“I tend to avoid the gay bars on Davie [because] a lot of the gay bars there have now been taken over by cis-gender, heterosexual people. I’ve [also] heard from a lot of QTPoC friends that they are often uncomfortable going to gay bars on Davie, because it’s usually very dominated by cis-gender, white gay men.”

A 28-year-old white, cisgender, queer male found pop-ups more politically and culturally radical than gay bars. He put it this way:

“It’s very rare that we’ll ever have a conversation about politics [in gay bars]. It’s just about partying and things that we kind of see as very stereotypical portrayals of gay culture: like going out, dancing, drinking, fucking.”

Historically, gaybourhoods have served an important role in the fight for LGBT rights, but they have also developed to cater to a specific cis-gender, white, middle-class, male sensibility. One 30-year-old, white, trans DJ put it bluntly, “the mainstream scene is just not welcoming to trans people, in my experience,” adding that verbal transphobic harassment is common in the streets of Vancouver’s gaybourhood.

At Vancouver Pride this year we were reminded of this schism at a local pop-up event. “Gay men won’t come here, it’s too trashy,” shouted a white Australian lesbian playfully to friends over loud music. We were at Eastside Studios, a large warehouse turned into the newest collaborative queer venue in Vancouver.


The comment was striking because it highlights the visible bifurcation occurring in queer life and queer consumption in Vancouver. Many gay men tend to patronise businesses and events in the West End, Vancouver’s official gaybourhood; whereas, other members of the LGBTQ community are scattered across the city at events and venues that are far less permanent. Eastside Studios attempts to break through the homonormative bent some gay bars perpetuate. It is a space that generously houses some of the struggling pop up events who lost space to gentrification in Vancouver’s out of control rental market.

Historically, pop-ups arose as the first signs of urban sexual transgression. They continue to emerge as spatial innovations which nurture transgressive queer diversities that do not have space or representation in the gaybourhood. Weekly social media blasts via Facebook or Instagram and word-of-mouth dissemination play an important role in linking queers around the city to these events. Pop-ups take different tones and establish different vibes among patrons. Collectively, pop-ups highlight the many important projects local queers are undertaking to increase the plurality of what queer life looks like and how it is expressed.

Struggles for equality

Marriage is the leading story in many headlines these days, but queer struggles for equality were never only about relationship recognition or acceptance into the mainstream.

Queer struggles are also fights to resist oppressive normativity, to end racial inequality and white supremacy, to end sexualised violence, to reconcile generational traumas associated with colonialism.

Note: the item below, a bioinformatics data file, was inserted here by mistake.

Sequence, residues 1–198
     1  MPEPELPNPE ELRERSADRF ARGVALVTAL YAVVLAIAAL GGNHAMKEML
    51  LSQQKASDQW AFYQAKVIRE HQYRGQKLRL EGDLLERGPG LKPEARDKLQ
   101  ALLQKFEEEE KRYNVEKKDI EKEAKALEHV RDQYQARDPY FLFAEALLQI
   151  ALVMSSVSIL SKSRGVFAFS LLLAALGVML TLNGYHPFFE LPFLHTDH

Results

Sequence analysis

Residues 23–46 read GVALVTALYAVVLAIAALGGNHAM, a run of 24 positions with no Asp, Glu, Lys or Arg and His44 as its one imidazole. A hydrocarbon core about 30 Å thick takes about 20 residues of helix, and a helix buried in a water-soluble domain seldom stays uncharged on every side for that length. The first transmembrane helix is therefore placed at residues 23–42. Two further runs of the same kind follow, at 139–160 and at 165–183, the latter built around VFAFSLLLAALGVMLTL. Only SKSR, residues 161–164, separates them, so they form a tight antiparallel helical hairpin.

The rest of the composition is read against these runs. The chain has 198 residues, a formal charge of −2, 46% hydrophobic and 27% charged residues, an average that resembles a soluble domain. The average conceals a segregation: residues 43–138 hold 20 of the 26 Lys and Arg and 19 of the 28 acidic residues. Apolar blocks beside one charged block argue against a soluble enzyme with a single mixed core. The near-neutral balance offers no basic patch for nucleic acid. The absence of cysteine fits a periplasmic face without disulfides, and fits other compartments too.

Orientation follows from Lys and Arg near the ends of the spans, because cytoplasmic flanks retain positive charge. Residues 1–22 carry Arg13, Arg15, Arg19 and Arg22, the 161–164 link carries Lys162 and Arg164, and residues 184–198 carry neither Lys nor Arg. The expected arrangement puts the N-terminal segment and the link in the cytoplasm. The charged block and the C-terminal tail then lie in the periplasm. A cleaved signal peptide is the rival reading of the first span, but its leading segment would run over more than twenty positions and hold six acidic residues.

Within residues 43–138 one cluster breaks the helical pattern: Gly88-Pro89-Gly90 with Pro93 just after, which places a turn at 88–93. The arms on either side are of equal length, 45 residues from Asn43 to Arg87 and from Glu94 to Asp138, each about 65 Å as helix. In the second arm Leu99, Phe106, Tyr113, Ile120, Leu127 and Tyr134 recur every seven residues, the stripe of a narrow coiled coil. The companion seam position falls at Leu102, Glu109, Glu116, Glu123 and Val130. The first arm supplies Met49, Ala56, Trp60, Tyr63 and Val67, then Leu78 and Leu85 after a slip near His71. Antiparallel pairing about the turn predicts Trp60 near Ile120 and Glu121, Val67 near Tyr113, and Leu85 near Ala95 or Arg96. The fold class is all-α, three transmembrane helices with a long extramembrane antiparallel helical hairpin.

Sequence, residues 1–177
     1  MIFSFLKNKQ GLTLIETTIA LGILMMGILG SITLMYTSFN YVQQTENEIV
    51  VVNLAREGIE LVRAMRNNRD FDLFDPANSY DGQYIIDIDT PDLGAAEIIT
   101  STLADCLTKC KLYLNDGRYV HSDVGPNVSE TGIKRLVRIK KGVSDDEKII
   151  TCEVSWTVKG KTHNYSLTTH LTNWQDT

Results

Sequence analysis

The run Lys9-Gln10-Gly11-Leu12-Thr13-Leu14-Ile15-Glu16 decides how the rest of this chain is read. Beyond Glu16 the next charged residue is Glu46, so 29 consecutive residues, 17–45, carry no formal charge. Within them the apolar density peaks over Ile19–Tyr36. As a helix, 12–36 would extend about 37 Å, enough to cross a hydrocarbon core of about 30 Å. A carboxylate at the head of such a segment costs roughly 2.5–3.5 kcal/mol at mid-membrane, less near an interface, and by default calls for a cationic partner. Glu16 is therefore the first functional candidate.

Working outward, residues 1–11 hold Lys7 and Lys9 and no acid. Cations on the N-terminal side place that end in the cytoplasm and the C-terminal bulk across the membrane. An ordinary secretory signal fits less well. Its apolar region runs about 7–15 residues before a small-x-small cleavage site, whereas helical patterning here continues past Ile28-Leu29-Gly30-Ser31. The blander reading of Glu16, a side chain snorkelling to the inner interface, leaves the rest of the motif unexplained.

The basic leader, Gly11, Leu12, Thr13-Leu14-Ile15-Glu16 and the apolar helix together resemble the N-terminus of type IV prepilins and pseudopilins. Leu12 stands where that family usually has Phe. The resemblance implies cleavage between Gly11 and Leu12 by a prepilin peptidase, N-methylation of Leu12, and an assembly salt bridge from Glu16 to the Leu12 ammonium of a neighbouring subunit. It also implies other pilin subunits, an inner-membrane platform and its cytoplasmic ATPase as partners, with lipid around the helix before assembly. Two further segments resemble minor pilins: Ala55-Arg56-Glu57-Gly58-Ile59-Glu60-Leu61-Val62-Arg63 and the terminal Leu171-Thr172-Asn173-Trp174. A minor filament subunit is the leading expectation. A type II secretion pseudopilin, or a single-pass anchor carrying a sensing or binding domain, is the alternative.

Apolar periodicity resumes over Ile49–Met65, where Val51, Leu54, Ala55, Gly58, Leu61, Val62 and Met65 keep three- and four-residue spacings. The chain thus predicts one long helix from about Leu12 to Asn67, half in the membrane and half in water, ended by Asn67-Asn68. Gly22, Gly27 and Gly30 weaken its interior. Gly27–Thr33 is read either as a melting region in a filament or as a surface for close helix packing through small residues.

Continuing these fights is perhaps what makes queer pop-ups unique. Organisers of these events are intentional and responsive to such concerns. They seek to create new worlds that soften the impact of inequalities, both in gaybourhoods and in other parts of Canadian cities as well.

Pop-ups nourish queer lives; they emerge as temporary meeting grounds where diverse, oftentimes marginalised, queers flock for community and collective, momentary release. Here an image from a Man Up pop-up event in Vancouver. Image: Shot by Steph/Facebook/The Conversation.

Many of these spaces are an opportunity for patrons to travel in a re-imagined world, even if only for the night. While not all pop-ups that appear survive, the ones that do matter, fundamentally, because they create spaces that resist heteronormative culture and homonormativity, address intersecting inequalities, assert and anchor queer cultural and political identities, and promote well-being for a wider portion of the community in ways that gaybourhoods used to and have always had the potential to.

Pop-ups nourish queer lives in ways that gaybourhoods and gay bars historically had. They emerge as temporary meeting grounds where diverse, oftentimes marginalised, queers flock for community and collective, momentary release. They allow patrons to dance and comfortably explore the implications of their gender and sexual identities around like-minded individuals. At times they are more than friendly social gatherings, becoming sites where the moral arch of the community is shaped through demonstrations on urgent issues impacting queer lives and the surrounding community.

Queer pop-ups are vibrant locations that work to push forward the unfinished projects of social justice first envisioned during gay liberation.

The Conversation

Ryan Stillwagon, Ph.D. Student, Sociology, University of British Columbia; Adriana Brodyn, Ph.D. Candidate, University of British Columbia; Amin Ghaziani, Associate Professor of Sociology and Canada Research Chair in Sexuality and Urban Studies, University of British Columbia, and D. Kyle Sutherland, PhD Student, Department of Sociology, University of British Columbia.

This article is republished from The Conversation under a Creative Commons license. Read the original article.